On the Eve of a Cashless Society
Alexandra Bruce Cash
And while many of us assumed that a hidden hand was pulling their strings, as well, we realized that their main goal was a digital currency and a cashless society.
But now it’s as if everyone has just accepted it and found something else to fight about, because the cashless society is being rolled-out right now and very few people seem bothered by it.
In November of 2019, right before COVID, the institute of politics at Harvard Kennedy School had a live tabletop exercise called Digital Currency Wars: A National Security Crisis Simulation, which looked at how the United States can continue to leverage economic power in a world of national digital currencies, such as the Chinese Digital Yuan, which is already heavily competing in trade against the US dollar and seems to be at the forefront of centralized digital currencies.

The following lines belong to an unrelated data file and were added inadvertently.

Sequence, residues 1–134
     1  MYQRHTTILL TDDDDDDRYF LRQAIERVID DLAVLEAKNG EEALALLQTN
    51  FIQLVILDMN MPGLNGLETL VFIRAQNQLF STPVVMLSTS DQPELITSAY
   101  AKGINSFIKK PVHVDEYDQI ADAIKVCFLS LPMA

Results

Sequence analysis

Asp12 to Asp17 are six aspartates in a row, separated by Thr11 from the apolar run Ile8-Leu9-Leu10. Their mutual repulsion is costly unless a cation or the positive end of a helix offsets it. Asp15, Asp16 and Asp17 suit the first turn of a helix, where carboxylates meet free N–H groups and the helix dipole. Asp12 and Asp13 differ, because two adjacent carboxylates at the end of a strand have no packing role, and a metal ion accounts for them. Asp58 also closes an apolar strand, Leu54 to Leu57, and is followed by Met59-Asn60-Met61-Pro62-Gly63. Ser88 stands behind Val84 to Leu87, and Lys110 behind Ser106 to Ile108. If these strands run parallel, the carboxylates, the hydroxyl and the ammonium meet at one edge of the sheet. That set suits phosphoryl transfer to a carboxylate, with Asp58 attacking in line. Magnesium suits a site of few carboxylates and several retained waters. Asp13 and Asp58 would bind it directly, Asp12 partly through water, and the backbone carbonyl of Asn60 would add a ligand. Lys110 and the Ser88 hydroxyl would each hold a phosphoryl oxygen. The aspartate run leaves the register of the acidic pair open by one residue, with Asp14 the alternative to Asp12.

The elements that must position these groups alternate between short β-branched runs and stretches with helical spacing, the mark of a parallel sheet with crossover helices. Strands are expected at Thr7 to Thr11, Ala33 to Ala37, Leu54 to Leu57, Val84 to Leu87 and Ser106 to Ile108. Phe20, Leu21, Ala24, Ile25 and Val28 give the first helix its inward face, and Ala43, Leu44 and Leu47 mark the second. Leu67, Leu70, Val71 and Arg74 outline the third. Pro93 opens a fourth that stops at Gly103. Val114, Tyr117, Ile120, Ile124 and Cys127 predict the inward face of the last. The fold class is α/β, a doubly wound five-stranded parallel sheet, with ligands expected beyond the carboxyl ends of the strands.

And it has an expiry date. If you don’t spend it by then, it becomes worthless, so people can no longer save money.
The Bank for International Settlements has announced that the central bank will have “absolute control” on the rules and regulations and will have technologies to enforce it.
The Central Bank of Brazil is planning to launch their centralized digital currency in 2024.
Israel is about to launch theirs.
And the Bank of England is preparing a UK digital currency.
Italy’s new prime minister, Meloni is speaking out against a cashless society but she seems to stand alone on the world stage.
In the Federal Reserve’s digital currency scheme, it appears that Hedera and Quant will be used on the technology side.
They’re already connected to everything.
The Cashless Society is here but everyone is talking about Hunter Biden’s laptop.
The goal was never to put an old, senile puppet into the presidency to ruin havoc.
The goal was to create a cashless society.
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